The fifth day, we sailed to Bartolome Island, which is famous for the Pinnacle Rock, a very very nice landscape, climbing to the top of the island where we could see this beautiful landscape! On our way I discovered the Galapagos hawk, a large and interesting animal. When we snorkeling, we found the famous Galapagos penguin, we try to swam closer to reach the penguin. but they are really fast under water, at least I took a small blurry picture. In the afternoon we went back to Santiago Island to meet Sullivan bay.

    The sixth day we sailed to the Rabida Island, near Santiago Island, the most surprising about this island was its beautiful red sand beach!, I had never seen anything like that, the sand was red colored!. After visiting the beach they took us to snorkel, I have to admit that I love snorkeling and on this tour there was plenty snorkeling!. Again we were surprised by the marine life you can see here. In the distance we found a sea turtle and a Ray with their peculiar swim!. In the afternoon we traveled to Santa Cruz, to a place called Dragon Hill, the home of the yellow land iguanas, I am not lying, They were yellow!, the place was full of this type of iguanas. Many photos were taken in this place.

    The seventh day, I was very sad because we knew that we had only this day and the morning of the another day to enjoy the Galapagos,. in the morning we visit the famous Charles Darwin station in the Santa Cruz Island, it has the largest reserve of Galapagos tortoises. Here we explain a little bit about the evolution of these turtles and their behaviors, we were surprised how this people care them since this tortoise are eggs, a very interesting place. In the afternoon we took a bus to the highlands of Santa Cruz,

    The last day early in morning we had a long trip back to San Cristobal, when we arrived they called us and tell us that we had to have all our things ready, we would go to last place, El Junco, a beautiful lagoon filled with Galapagos Ducks and frigatebirds, we found one with inflated red bag!.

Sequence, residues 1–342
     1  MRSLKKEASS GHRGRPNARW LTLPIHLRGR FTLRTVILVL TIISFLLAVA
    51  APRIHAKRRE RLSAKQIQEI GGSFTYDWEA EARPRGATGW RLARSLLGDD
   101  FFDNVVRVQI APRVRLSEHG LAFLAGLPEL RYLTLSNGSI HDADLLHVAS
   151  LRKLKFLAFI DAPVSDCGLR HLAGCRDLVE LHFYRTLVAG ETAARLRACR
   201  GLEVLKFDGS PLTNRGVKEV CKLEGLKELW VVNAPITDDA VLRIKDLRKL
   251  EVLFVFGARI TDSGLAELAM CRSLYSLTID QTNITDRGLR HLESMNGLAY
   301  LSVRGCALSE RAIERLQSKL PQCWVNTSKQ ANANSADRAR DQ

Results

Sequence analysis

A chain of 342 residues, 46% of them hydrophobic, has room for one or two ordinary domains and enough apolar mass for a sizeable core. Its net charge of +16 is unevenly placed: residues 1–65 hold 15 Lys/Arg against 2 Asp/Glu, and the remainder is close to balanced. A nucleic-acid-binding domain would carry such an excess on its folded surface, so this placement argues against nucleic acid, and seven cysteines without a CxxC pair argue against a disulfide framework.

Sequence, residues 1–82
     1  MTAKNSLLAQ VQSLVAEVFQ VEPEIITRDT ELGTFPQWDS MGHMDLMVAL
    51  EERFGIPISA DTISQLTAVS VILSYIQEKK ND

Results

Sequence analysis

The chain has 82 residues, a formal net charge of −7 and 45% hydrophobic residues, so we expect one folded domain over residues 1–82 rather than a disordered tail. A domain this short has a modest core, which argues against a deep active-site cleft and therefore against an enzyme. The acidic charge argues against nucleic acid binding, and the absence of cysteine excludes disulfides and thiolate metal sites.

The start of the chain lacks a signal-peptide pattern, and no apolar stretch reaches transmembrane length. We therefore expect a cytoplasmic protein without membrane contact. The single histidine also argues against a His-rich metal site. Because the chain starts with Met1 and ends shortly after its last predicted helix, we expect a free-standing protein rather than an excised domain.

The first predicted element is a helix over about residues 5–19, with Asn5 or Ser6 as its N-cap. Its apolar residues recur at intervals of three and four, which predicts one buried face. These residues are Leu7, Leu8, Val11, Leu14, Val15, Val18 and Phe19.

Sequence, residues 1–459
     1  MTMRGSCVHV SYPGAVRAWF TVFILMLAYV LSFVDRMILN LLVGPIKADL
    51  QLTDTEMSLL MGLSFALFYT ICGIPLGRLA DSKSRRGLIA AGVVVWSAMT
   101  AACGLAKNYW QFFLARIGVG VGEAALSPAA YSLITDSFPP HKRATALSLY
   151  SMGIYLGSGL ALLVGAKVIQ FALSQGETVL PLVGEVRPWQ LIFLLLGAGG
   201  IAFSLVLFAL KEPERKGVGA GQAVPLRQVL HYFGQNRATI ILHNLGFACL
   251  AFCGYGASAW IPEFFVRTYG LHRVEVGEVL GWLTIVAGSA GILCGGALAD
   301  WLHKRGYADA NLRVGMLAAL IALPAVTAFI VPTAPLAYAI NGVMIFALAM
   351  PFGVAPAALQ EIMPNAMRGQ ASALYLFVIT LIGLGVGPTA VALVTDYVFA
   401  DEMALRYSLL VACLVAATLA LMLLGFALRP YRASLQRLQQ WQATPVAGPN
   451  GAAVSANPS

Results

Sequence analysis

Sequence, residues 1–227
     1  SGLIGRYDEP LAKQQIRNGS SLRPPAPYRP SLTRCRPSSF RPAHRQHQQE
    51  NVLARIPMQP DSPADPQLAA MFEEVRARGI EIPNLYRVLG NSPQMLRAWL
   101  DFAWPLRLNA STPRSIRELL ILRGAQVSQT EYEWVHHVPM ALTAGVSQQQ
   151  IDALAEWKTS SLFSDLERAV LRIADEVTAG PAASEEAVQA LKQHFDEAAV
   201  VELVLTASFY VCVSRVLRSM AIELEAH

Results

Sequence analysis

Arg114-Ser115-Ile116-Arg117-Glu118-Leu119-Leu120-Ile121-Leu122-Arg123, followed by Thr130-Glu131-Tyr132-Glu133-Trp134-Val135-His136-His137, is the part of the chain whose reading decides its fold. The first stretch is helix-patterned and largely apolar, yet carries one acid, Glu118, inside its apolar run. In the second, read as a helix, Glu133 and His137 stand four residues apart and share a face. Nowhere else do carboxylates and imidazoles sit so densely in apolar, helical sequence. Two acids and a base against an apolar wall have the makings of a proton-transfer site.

I have to say, that was one of the best vacation I have ever had in my entire life, the itinerary was excellent, we met a lot of Galapagos, and I believe the the highlight was snorkeling around the trip, we loved!. The Queen of Galapagos was very good, excellent food and of course what we most liked was the accommodation and service! Excellent!. I hope you have enjoyed reading my experiences and very happy to share those and I recommend to choose the Galapagos islands as your next holiday destination if you have any questions or any comments you want to share with me, please write me an answer, Greetings! And a have enjoyable day!.

    I have to thanks to Antonio to make this adventure a oncelife experience!. I contact him by visiting http://www.galapagoscruises.com/

    Regards

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    Cruise with M/S Cachalote (8d/7n)

    by MalenaN Updated Jun 16, 2012

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    Several months before going to Ecuador I wrote to some travel agencies to ask for ”budget” cruises. The most expensive of the cruises presented to me was an 8days/7 nights-cruise with Daphne Yacht. For June/July 2011 it was $2390, and that included the flight between Quito/Guayaquil and Galapagos Islands. Even if it was more expensive than some other boats it had the best itinerary and seemed to be the best value for the money. I decided to book the cruise with Daphne at once, the dollar rate was good at the moment and I wanted to be sure to get a cabin on the upper deck, and most important of all, a cabin which was not next to the engine room. I didn’t pay for a single supplement, so it was possible that I had to share the cabin with someone.

    A few weeks before my trip I was told the cruise with Daphne had been cancelled, so I was instead offered a cruise with M/S Cachalote. First I was very disappointed, but it turned out to be very good. Cachalote is a more expensive boat so it was an update for me and the boat was very nice. Before accepting the offer I confirmed that I would not get a cabin next to the engine room.